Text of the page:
FROZEN (Disney)


This ad-free streaming service is chock-full of the classic animated films you’d expect, Star Wars-themed shows and over 50 days worth of The Simpsons. The dizzying Disney array also features content from Pixar, Marvel Studios, National Geographic, 20th Century Fox, Lucas Films and Muppets. If you’ve got kids at home or kids at heart, there’s not much else to say — it’s worth it. They offer a week free and then it’s $6.99/month or $69.99/year ($5.83/month). You can also get the service as part of a new bundle with an ad-free version of Hulu along with ESPN+.

TIGER KING (Netflix)

3.-1. Amazon Prime Video, Hulu and Netflix

Though all of the above have sought to unseat them, these services make up the holy trinity of streaming and probably won’t be getting knocked off the top anytime soon. Solidifying their standing as entertainment juggernauts and omnipresent cultural influencers, each service deserves props for never resting on its laurels. Prime’s highpoint thus far was probably winning Emmys for The Marvelous Miss Maisel and Fleabag, and now that the latter is over, it has some great shows to fill the void (such as the Project Runway wannabe (but better) Making the Cut and the Pacino Nazi thriller Hunters). Over at Hulu, shows in conjunction with FX top our favorites list such as the white nerd rapper comedy Dave and the feminist drama Mrs. America. (And by the way, you probably noticed that every network, service and movie company continues to merge and merge over again, so yes, one day everything on this list will probably be owned by one entity and we have no idea what that will mean, but as long as they work with talented people, it shouldn’t matter too much).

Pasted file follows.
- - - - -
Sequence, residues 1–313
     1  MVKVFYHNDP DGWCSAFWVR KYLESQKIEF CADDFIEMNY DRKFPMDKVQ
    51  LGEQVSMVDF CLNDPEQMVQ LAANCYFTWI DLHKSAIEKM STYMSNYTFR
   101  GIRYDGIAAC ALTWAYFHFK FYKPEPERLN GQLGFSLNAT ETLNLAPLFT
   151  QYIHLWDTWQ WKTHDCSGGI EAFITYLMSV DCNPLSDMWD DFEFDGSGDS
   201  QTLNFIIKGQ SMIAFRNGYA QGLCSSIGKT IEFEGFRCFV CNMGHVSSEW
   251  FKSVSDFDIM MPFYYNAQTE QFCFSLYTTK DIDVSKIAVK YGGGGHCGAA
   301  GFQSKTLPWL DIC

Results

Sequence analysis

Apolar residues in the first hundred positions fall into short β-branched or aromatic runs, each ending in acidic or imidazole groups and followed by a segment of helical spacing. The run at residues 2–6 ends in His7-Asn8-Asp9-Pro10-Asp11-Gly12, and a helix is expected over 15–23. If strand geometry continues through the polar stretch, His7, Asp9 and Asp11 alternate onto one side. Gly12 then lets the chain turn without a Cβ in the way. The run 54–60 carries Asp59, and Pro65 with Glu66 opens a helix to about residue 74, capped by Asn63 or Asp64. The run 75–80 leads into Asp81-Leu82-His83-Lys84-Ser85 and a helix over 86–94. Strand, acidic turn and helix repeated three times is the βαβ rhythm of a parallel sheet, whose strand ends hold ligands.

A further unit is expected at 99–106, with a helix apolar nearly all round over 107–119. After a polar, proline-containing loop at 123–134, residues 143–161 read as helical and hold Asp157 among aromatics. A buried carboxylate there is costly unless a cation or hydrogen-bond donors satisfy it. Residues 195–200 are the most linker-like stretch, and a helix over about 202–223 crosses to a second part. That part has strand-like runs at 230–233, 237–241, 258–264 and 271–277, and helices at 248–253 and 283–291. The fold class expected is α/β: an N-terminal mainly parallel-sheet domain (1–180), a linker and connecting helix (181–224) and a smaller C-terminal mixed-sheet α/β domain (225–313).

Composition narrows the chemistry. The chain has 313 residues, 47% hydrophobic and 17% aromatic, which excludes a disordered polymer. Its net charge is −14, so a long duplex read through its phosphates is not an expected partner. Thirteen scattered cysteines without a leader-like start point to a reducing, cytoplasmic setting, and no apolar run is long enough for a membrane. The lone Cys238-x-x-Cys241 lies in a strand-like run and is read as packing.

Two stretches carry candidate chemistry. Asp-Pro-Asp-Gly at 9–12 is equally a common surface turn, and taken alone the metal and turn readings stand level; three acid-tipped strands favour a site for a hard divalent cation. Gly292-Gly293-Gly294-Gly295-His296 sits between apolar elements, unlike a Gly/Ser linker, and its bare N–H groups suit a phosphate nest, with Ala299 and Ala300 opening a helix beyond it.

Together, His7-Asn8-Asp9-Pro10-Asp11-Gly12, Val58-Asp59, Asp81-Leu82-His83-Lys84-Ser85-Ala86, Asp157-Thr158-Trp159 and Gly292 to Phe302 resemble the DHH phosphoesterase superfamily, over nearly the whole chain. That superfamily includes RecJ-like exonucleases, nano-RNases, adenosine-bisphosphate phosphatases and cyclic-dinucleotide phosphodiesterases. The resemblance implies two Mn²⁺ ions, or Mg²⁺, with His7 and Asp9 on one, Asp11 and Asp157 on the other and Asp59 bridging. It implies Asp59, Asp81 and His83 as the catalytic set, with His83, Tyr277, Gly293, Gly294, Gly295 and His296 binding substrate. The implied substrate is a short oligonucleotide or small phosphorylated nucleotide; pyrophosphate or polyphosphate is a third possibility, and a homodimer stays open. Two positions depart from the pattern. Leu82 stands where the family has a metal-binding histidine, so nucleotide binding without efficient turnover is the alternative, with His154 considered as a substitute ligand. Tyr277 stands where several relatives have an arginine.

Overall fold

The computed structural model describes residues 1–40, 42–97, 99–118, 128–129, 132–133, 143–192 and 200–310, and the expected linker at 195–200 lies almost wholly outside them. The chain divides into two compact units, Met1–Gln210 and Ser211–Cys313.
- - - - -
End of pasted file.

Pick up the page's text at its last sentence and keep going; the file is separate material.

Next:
Finally, there’s Netflix, which has seen a record 15.8 million accounts added between since coronavirus hit. The service has proven anything but chill in terms of new content too, especially original stuff designed to engage us all. As many a think piece has noted, Tiger King for example, couldn’t have come at a more well-timed moment in history – its WTF slice of oddball docu-drama providing a much needed mind-blower when we all really needed to think about something other than our own lives.

As we all do our part to stop the spread of sickness and death, streaming services’ (with social media as amplifier) offer endless options and new ways to connect with each other and marvel at this crazy world we live in. When this virus thing is all over, and we all struggle to get back to normal, one thing is for sure, home entertainment will still be there, more alive and full of humanity (or not) than ever. We’ll need it.

Amazon Prime is $119 annually/$12.99 a month; Hulu (Basic- $5.99 per month, Premium- $11.99 per month, Basic + Live TV- $54.99 per month and Premium + Live TV- $60.99 per month); and Netflix  is $8.99/$12.99/$15.99 a month.

This week’s cover story.

Honorable Mentions:

Sling TV

In some ways Sling should be numero uno on this list. Long before the commercials with Maya Rudolph on “couch arrest,” asking if we’d rather “Sling in or go out” (at first these seemed like perfect foreshadowing, but now they seem taunting) – people were quitting their cable and opting to stream the same channels with the service. Picking the right package is key with Sling, and even when you finally score a semblance of what you had with cable you might be missing some local channels. But all in all it’s a much better bargain. Various packages and price points- click link above for more info.


Touted as the newest next big thing in streaming, Quibi is tailor made for the ADD generation, with short form (less than 10 minutes long) entertainment formatted for TV and smartphones featuring huge stars creating the content. The brainchild of former Disney chair Jeffrey Katzenberg and former Ebay CEO Meg Whitman, this one’s seemingly got it all but it remains to be seen if lack of length equals lack of depth (Chrissy’s Court is its most talked about show, so who knows). So far, reviews have been mixed. Due to pandemic, the service is offering 90 days free. It’s $4.99 a month after that.